Stephen C. Whalen

Whalen lab members:
 
  arctic ken                                          
   Ken Fortino

My research investigates the local and landscape scale factors that affect carbon cycling and organic matter storage in arctic lake sediments.  I focus my work on the northern foothills of the Brooks Range on the Alaskan North Slope.  The region is characterized by tundra vegetation and numerous small kettle lakes.  The lakes are typically very unproductive and are trophically supplemented by organic matter washed in from the watershed.  Once entering the lake, this organic matter is exported from the lake, buried in the sediments, or consumed and respired as CO2 by the lake biota.  The relative magnitude of each of these fates will determine the extent to which a lake is source or a sink of atmospheric CO2.  In general, the lakes tend to be a net source of atmospheric CO2, however considerable amounts of organic matter may be stored in lake sediments.  The processes that affect whether organic matter will be consumed or stored in lake are affected by local environmental factors (i.e., temperature and oxygen availability) and landscape scale factors (i.e., lake morphometry and organic matter transport).  My research is designed to elucidate how these factors interact to affect carbon cycling and organic matter storage in the lake sediments and how they may change with climate warming.


  joelene  
   Joelene Diehl

    I am a second year graduate student working toward a Master’s Degree in Environmental Science. My research project is on nitrogen  cycling and transformations that occur in agricultural soil treated with UAN fertilizer amended with urease and nitrification inhibitors. A majority of my work is spent in the lab conducting experiments on soil that I collected from Open Grounds Farm in Beaufort, NC. As a part of this research I conduct nutrient analyses on the soils and look at changes in the microbial community. Before entering the graduate  program at UNC-CH, I received a BS in Biology/Zoology from Eastern Washington University         and spent a couple of years in the Peace Corps.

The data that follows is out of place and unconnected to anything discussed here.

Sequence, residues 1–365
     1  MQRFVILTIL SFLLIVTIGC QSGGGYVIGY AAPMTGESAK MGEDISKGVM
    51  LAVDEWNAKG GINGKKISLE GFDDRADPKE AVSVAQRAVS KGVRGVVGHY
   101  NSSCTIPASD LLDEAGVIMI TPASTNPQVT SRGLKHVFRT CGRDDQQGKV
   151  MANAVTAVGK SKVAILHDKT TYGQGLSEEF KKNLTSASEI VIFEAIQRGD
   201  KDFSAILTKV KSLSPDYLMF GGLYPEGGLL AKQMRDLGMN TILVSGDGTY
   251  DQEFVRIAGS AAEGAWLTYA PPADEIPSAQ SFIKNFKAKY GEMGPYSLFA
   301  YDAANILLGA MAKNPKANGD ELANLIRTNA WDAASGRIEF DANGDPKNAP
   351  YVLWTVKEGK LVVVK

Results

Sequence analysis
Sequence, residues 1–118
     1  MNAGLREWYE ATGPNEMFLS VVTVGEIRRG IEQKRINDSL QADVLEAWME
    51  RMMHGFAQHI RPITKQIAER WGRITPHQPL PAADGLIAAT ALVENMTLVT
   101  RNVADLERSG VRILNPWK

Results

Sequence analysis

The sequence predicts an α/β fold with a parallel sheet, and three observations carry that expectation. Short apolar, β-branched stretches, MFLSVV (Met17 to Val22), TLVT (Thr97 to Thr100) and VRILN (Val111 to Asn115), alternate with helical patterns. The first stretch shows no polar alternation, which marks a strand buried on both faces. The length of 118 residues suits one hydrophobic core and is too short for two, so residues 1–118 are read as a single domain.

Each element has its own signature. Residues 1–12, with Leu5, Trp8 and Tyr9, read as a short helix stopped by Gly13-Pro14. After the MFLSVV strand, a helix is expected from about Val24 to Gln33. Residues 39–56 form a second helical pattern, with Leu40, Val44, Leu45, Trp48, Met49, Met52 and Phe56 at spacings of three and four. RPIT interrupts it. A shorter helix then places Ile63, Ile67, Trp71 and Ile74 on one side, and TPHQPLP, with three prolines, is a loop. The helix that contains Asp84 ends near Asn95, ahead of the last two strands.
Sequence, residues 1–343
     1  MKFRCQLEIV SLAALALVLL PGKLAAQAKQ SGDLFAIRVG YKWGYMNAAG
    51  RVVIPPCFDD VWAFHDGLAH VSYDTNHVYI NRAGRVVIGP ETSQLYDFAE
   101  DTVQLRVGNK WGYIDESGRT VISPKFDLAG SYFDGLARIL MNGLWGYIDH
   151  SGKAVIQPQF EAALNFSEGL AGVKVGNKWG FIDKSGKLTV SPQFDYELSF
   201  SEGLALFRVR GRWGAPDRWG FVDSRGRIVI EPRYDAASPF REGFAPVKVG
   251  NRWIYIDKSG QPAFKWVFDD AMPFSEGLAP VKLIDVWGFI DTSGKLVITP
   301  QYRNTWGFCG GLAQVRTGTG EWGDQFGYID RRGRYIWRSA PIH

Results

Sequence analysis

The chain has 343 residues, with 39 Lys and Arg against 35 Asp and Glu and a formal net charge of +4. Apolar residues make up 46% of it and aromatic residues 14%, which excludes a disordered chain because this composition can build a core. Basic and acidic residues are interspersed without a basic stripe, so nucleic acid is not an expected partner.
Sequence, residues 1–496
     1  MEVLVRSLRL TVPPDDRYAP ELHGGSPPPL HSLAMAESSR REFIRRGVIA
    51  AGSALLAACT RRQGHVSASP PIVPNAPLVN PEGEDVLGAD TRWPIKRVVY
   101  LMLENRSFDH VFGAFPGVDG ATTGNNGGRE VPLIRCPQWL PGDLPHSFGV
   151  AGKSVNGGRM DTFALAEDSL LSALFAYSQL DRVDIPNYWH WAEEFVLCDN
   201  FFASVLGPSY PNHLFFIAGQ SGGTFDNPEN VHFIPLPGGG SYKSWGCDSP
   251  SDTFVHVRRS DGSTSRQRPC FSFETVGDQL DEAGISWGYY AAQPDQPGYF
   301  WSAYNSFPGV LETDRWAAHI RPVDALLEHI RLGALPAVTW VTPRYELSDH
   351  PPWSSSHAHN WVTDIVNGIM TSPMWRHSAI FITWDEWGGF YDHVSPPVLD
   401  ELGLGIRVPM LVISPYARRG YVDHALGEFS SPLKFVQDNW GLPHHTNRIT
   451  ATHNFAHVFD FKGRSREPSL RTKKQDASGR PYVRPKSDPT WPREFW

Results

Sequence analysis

Dendy in creek    Dendy Lofton

    My research examines benthic production of methane in Arctic Alaskan lakes and how methane derived carbon may be made available to pelagic organisms.  I am particularly interested in the factors controlling methane production and oxidation.  Methane is produced in anaerobic sediments as a byproduct of organic matter degradation. As this methane diffuses from the sediments, it becomes available to methane oxidizing bacteria where it is oxidized to carbon dioxide.  This methane derived carbon can be an important source of carbon for pelagic food webs.  Methanogenesis and subsequent oxidation represent an important link between benthic and pelagic food webs that has until recently been overlooked in limnological studies.  This study also has important implications for global warming because methane is a powerful greenhouse gas.  Any methane that is not oxidized in the lake can diffuse into the atmosphere where it will contribute to the global methane budget.  It is important to establish a foundation for these processes in the Arctic region in order to understand how they will be affected as global warming continues.